Addiction, Health, Behaviour Change | CGL

Leeds Street Outreach Service: using evidence to improve service delivery

Leeds Street Outreach Service: using evidence to improve service delivery

13 February 2018

Leeds Street Outreach Service (SOS) has successfully used data analysis to secure additional funding for rough sleepers with complex needs.

The team was recommissioned in 2014 to work with people begging, as well as rough sleepers. By gathering data from their daily outreach, they were able to use the CGL CRiiS case management system to identify trends and needs among the street population.

The data analysis revealed that almost every person found begging had some form of substance addiction. As a result, Leeds commissioners offered to fund additional dedicated workers with specialist skills to address these needs. Funding was provided for one generic and one complex case worker at Leeds SOS and a new substance misuse complex case worker at Forward Leeds (the city’s multiagency substance misuse service).

The two new complex case workers now team up together to work in partnership on the streets, delivering intensive assertive outreach to a case load of around 20 of the city’s most complex rough sleepers.

The additional workers have the time to work with just a few people, spending as long as is necessary with them to make an impact. For example, by accompanying them to meetings and appointments, looking for them around the city when they go missing and providing continuity of care. By going back again and again to talk to the same people they build trust and a rapport that enables them to really get to grips with those individuals and their issues and find solutions.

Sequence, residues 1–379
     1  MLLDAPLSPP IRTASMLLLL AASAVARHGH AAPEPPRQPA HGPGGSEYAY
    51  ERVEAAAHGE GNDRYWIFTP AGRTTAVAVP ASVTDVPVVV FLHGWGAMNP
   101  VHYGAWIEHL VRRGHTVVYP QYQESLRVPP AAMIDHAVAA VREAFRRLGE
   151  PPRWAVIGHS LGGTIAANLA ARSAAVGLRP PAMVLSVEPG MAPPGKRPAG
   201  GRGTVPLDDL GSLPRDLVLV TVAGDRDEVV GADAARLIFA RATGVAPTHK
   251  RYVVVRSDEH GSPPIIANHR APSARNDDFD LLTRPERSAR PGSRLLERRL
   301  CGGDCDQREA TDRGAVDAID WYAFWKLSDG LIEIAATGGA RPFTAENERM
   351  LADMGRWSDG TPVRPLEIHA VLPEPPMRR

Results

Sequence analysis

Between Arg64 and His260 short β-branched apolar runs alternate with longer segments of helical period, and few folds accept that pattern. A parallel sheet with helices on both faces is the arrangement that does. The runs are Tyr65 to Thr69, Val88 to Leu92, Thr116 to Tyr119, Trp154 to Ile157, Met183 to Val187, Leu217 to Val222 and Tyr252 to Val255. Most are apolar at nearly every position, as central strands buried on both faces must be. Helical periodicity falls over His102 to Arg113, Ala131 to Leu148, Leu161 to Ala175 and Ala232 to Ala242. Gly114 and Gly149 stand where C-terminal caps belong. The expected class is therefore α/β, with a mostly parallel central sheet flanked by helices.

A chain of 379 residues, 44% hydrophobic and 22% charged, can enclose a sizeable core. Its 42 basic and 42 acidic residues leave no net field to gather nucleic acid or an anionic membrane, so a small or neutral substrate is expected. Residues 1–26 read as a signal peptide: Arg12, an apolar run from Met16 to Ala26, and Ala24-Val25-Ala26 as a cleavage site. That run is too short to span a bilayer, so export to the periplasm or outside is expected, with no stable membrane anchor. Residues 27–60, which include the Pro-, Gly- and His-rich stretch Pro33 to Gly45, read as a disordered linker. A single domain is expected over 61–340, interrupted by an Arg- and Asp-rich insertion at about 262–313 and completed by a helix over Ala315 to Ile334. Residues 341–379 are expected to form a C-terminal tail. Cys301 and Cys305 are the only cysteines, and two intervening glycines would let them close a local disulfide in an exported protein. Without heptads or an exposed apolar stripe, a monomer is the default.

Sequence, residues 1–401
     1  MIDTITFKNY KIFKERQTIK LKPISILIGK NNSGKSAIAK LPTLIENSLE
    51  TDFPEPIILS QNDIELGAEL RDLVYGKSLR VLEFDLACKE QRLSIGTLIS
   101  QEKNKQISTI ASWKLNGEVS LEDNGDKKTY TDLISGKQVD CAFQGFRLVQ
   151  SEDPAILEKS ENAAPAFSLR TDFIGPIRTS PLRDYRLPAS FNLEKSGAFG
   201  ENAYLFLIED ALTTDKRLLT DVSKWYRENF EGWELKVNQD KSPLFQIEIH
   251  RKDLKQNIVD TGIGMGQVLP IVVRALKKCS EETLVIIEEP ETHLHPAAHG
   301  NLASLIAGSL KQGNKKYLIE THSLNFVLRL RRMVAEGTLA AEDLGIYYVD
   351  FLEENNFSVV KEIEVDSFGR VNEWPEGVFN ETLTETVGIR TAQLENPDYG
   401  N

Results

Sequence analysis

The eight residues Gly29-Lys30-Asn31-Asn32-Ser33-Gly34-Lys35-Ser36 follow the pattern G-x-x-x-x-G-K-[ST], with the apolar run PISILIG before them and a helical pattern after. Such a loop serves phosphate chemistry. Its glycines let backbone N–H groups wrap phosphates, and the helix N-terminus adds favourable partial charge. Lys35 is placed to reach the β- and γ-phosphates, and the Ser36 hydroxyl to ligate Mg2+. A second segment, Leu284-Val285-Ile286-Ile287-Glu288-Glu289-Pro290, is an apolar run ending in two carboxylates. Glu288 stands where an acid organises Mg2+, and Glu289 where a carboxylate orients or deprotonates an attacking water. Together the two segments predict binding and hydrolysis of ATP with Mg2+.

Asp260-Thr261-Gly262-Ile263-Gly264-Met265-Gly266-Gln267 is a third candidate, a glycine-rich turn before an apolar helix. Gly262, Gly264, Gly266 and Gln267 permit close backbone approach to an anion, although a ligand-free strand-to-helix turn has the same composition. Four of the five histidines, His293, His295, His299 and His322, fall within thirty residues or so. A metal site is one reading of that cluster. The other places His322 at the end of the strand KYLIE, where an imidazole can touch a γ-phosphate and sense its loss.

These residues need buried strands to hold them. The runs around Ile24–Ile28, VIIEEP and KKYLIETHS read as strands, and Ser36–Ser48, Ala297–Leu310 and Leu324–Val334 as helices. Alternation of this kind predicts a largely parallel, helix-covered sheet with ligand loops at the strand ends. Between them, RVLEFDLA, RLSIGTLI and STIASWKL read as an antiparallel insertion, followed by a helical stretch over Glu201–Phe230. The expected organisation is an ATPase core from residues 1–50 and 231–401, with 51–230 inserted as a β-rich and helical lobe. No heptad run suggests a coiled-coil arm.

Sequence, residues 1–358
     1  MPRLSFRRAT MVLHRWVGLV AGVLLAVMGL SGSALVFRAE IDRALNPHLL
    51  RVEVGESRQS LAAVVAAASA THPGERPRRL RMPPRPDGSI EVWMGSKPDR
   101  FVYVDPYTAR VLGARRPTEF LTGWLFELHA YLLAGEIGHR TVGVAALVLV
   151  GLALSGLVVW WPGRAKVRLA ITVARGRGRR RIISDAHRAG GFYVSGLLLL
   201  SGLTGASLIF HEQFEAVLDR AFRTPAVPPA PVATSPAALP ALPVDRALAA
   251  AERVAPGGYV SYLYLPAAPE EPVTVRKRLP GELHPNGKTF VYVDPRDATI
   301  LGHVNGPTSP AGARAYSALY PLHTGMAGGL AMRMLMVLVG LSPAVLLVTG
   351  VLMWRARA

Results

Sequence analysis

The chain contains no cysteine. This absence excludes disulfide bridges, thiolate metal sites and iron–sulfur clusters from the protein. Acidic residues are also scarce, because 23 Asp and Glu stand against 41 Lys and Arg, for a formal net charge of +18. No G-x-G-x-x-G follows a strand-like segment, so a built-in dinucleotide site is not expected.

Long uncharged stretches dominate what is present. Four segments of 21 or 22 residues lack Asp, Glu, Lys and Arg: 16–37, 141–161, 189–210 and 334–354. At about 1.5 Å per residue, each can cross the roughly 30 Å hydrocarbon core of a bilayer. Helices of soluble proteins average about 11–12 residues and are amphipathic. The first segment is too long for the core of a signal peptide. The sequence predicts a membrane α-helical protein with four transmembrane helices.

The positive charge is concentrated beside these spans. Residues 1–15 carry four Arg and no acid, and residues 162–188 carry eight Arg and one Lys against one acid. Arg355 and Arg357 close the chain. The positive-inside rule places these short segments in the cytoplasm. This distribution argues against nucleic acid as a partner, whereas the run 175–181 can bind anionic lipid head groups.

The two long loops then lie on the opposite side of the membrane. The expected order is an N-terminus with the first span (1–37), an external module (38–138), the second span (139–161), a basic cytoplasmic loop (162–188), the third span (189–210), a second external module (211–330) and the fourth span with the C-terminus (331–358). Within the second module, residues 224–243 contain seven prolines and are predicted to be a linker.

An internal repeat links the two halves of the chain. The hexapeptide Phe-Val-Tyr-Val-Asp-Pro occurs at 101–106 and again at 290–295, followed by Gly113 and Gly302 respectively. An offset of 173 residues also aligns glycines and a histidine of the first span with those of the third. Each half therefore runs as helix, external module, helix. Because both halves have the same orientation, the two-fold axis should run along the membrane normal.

Project Manager Lesley Howard, said:

“We are seeing people on the streets with much more complex needs. Cuts in social services and mental health support mean people are ending up on the street without access to the intensive support they might have been able to get elsewhere in the past. The generic outreach team work with many people and we needed additional resources to fully address these additional needs. The resources were made available because we were able to use data to demonstrate the need for them.”

Lesley continued: 

“This intensive input has already produced some amazing results. People who previously wouldn’t engage have been fast-tracked into treatment and are starting to turn their lives around. This is because we have the time to persevere with people who resist change. We can show them that we will keep coming back and we won’t give up on them, which encourages them to trust us.”

One rough sleeper who had been known to the team for some time was begging and had complex behaviour. Working with Leeds Housing First, the outreach team have now found him a property, sorted his benefits and got him into the treatment service. He reports that he cannot believe the transformation in his life.

“As this work progresses, we will be able to show that the funding is supporting people to move away from the streets and into accommodation,” Lesley added. “It is changing lives and is money well spent.”